What you need to know about RSV
- Posted on: Jan 28 2016
Sometimes all it takes to treat the common cold is rest and a lot of fluids, but that doesn’t always work for everyone.
In some cases, a cold can lead to a more serious medical condition called respiratory syncytial virus or RSV.
“Every person by the age of 2 has been infected with RSV,” said Family Medicine Dr. Dallas Peterson with Summit Healthcare Snowflake Medical Center. “It’s just that most people have a cold from it and others have more severe reactions.”
This virus causes infection of the respiratory tract anywhere down from the nose to the lungs. RSV tends to occur during the winter and early spring months.
“We usually think of RSV as affecting children under 5, but it does affect older children and adults,” Peterson said. “Their cases are more mild.”
Those at high risk include babies less than a year old born prematurely, infants under 6 months and children with asthma or reactive airways disease.
“A running nose, little bit of a cough or a low-grade fever might make parents be a little more alert of their child’s condition, but signs there is something more serious would be a high fever, a severe cough and retractions,” Peterson said. “Retractions are when you look at the baby’s chest and can see the skin sort of sinking in when they breathe either above the collar bone, between the ribs or underneath the rib cage in the upper abdomen.
“If you see any signs where the baby looks blue in the face, lips, nose, hands or feet, those are also indicators that this condition needs to be dealt with right away,” Peterson continued.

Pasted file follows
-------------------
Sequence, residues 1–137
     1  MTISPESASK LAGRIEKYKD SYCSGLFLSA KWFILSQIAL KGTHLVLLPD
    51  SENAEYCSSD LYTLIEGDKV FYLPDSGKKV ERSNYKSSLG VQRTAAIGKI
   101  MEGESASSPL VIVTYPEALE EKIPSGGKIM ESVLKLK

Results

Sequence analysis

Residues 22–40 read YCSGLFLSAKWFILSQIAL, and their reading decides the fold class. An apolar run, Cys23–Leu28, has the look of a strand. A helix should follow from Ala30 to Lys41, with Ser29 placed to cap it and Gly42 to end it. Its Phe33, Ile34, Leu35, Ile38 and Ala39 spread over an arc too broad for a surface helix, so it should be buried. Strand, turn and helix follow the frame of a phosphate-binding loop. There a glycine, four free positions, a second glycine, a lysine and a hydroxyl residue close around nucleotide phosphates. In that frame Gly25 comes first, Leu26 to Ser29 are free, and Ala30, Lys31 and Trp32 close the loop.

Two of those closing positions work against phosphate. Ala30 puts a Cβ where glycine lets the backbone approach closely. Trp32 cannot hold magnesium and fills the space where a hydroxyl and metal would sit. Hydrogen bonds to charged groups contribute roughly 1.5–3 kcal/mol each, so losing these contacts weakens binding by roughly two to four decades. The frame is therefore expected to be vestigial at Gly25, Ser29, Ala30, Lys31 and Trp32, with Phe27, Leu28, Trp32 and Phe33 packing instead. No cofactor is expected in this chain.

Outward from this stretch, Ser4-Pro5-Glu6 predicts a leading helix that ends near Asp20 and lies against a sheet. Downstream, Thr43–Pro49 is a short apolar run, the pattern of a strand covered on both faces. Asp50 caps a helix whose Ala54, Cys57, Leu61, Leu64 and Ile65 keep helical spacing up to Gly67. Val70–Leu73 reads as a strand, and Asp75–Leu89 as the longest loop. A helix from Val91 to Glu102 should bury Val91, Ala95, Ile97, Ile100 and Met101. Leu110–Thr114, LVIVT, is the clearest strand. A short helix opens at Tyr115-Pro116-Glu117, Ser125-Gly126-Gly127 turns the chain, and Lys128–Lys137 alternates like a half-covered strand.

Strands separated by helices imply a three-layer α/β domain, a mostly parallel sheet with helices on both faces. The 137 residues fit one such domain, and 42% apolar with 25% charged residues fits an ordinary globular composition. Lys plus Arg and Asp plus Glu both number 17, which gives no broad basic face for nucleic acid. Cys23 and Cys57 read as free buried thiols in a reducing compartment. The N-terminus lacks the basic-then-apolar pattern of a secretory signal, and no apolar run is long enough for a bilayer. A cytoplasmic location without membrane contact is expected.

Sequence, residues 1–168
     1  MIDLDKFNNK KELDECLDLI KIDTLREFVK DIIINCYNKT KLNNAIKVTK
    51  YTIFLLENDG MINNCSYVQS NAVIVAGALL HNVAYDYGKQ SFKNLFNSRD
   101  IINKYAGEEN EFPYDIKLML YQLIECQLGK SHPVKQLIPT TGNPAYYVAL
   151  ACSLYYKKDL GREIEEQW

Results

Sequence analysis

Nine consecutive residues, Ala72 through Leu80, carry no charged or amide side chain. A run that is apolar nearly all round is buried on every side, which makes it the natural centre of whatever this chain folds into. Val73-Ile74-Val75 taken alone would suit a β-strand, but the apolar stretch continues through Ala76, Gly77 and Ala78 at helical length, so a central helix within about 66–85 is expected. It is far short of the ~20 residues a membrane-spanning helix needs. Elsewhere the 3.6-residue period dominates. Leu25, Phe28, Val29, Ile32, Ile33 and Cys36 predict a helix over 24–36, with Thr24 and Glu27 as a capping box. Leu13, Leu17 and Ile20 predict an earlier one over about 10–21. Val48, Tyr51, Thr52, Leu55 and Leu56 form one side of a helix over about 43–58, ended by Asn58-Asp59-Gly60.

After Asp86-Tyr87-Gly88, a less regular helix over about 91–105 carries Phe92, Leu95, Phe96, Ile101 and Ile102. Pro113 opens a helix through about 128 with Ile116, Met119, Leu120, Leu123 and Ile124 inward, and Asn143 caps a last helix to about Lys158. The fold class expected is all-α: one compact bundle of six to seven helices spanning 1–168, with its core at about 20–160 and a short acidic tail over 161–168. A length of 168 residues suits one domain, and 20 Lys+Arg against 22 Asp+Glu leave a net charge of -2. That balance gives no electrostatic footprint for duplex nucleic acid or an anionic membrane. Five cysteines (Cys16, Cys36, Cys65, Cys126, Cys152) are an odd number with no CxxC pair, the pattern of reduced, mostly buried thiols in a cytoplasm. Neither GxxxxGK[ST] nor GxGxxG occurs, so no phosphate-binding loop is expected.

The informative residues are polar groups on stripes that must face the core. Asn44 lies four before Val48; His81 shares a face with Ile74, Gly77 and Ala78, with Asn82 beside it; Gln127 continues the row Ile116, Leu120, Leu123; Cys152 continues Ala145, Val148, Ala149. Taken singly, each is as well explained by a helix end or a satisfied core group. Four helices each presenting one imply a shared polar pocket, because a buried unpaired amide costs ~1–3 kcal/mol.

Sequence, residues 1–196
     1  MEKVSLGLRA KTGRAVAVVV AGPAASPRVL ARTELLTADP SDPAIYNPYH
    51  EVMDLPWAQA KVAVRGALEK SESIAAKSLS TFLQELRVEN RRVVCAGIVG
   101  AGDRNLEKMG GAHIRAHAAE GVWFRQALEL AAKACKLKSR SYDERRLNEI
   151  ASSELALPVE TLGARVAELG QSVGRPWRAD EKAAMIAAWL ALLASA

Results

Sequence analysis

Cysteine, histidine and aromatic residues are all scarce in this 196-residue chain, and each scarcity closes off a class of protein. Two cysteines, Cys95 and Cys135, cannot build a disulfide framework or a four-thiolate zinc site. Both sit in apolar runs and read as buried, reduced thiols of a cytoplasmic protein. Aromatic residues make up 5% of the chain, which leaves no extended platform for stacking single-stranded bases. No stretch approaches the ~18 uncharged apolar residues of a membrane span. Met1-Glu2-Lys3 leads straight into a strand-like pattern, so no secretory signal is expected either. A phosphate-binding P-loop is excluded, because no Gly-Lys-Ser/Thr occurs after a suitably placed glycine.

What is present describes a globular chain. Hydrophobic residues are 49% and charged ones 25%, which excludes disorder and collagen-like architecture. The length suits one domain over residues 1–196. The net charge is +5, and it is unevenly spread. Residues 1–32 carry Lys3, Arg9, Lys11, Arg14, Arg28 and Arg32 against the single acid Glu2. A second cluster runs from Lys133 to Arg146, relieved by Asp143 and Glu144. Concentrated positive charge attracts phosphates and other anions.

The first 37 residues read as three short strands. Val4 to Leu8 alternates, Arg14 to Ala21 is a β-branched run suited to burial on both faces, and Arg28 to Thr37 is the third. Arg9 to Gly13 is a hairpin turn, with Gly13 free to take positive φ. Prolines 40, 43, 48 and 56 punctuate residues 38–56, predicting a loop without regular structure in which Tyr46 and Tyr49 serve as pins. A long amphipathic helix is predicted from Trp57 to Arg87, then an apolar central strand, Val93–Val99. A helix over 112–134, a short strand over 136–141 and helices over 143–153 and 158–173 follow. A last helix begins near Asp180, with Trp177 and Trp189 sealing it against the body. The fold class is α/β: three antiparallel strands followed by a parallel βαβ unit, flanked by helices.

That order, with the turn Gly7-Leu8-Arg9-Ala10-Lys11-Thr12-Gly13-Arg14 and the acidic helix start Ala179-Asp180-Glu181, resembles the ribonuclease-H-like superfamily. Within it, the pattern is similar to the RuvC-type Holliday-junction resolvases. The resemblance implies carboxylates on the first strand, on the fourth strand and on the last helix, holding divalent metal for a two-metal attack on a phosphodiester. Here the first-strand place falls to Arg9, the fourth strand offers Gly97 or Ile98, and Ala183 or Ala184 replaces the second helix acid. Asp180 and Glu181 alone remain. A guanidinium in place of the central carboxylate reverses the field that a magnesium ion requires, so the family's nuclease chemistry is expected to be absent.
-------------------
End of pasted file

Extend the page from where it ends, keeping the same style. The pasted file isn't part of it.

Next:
If not treated, other medical issues that can arise include pneumonia and bronchiolitis, where the infection affects the tiny bronchial air tubes causing them to swell and fill with mucus.
“If you hear wheezes, the infant needs to be treated with what are called bronchodilators,” Peterson said.
This is medicine given through a nebulizer.
“The nebulizer blows the foggy medicine, like albuterol, into their face,” Peterson said. “They breathe it in and the medication goes down and soothes the muscles that live in the airways to help open them up where they can breathe better.”
When it comes to the oxygen saturation, “We usually evaluate them by putting on a pulse oximeter,” Peterson said. “We want that to be above 90 percent. If below that number the infant is taken to the hospital for more supportive care.”
Since the virus is extremely contagious and can be transmitted from person to person, Peterson had a few tips to try and prevent RSV.
“Cough hygiene is important,” the doctor said. “Cough into the inside of your elbow and make sure to cover your sneeze.”
Washing your hands on a regular basis is also a must, especially before picking up a young child, as well as disinfecting toys, tabletops and doorknobs.
“The virus can live on hard surfaces for several hours,” Peterson said.
Peterson also added that the elderly and adults with weak immune systems suffering from asthma or COPD should also take extra precautions.